MISSOURI -- The Missouri Supreme Court ruled last month that a vote on amending the state constitution to make same-sex marriages illegal can be placed on the primary election slated in August. In a 6 to 1 opinion, the judges ruled that Missouri Secretary of State Matt Blunt "has a duty" to submit the proposed amendment for the Aug. 3 ballot.
Those going to the polls will be asked to vote "yes" or "no" on the following question: "That to be valid and recognized in this state, a marriage shall exist only between a man and a woman."
Political pundits and observers predicted the issue could draw more social conservatives to the polls and therefore benefit Republicans. Since Republicans and Democrats do not run against each other in Missouri's primary, many believed Blunt, a republican seeking the governor's office, wanted the amendment on the November ballot.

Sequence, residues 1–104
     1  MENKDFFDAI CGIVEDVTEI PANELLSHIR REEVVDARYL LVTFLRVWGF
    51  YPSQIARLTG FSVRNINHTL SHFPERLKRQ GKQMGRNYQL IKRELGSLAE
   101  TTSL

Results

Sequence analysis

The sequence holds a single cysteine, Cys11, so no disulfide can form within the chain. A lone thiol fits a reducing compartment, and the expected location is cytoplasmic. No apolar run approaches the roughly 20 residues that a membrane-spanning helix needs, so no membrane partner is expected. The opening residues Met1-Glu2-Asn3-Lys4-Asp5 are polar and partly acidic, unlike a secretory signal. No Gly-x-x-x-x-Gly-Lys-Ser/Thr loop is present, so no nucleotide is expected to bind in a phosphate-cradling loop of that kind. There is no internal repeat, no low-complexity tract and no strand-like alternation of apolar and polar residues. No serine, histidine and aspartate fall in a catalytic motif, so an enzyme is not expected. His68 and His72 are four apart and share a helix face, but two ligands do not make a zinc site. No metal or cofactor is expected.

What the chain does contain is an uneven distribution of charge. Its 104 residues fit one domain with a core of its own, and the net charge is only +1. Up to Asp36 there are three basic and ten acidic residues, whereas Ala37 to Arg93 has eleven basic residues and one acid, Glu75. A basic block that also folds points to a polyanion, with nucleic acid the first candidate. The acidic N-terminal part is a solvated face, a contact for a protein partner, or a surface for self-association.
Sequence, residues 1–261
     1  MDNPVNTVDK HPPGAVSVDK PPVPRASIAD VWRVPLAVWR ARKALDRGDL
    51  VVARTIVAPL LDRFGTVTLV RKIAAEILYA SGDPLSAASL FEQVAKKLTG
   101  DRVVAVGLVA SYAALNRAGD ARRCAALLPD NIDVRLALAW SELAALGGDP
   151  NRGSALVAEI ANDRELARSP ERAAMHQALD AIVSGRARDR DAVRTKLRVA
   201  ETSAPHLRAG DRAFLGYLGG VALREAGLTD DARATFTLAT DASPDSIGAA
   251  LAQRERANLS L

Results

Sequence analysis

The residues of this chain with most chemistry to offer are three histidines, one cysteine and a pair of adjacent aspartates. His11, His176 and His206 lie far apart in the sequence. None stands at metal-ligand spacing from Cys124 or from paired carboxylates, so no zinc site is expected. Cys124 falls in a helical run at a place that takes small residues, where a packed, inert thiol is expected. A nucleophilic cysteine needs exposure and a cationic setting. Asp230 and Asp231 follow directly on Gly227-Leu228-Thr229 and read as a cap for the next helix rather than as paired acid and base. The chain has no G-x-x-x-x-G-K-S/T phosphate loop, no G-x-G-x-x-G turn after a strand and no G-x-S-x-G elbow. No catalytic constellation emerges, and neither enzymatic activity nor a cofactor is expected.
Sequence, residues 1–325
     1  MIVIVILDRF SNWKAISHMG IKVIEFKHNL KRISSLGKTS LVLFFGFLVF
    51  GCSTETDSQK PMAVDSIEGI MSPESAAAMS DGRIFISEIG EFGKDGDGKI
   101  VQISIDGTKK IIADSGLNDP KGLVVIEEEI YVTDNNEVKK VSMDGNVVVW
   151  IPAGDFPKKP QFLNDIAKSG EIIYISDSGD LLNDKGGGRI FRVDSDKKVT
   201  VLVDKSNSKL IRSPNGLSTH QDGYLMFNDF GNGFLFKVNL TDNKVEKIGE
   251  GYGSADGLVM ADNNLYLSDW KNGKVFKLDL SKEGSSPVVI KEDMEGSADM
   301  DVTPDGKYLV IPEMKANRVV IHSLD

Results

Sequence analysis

Incumbent Democratic Gov. Bob Holden was accused of putting the amendment on the August ballot to negate any boost it might give to the Republican candidate in November. In early June the Missouri Supreme Court held oral arguments in a suit over the matter, filed by Attorney General Jay Nixon, a Democrat.
"The secretary of state cannot exercise the duties of his office in a manner to frustrate the governor's constitutional authority to select the election date," stated the court's opinion.
While Republicans in the General Assembly spearheaded the amendment, Democratic governors have twice signed bans on same sex marriages into Missouri law. In 1996 Gov. Mel Carnahan approved legislation banning same sex marriage and state recognition of such marriages as well as making it state policy to only recognize marriages between a man and a woman.
The State Supreme Court overturned that law in 1998, ruling that it was inappropriately attached to another piece of legislation. However, Gov. Holden restored the ban in 2001.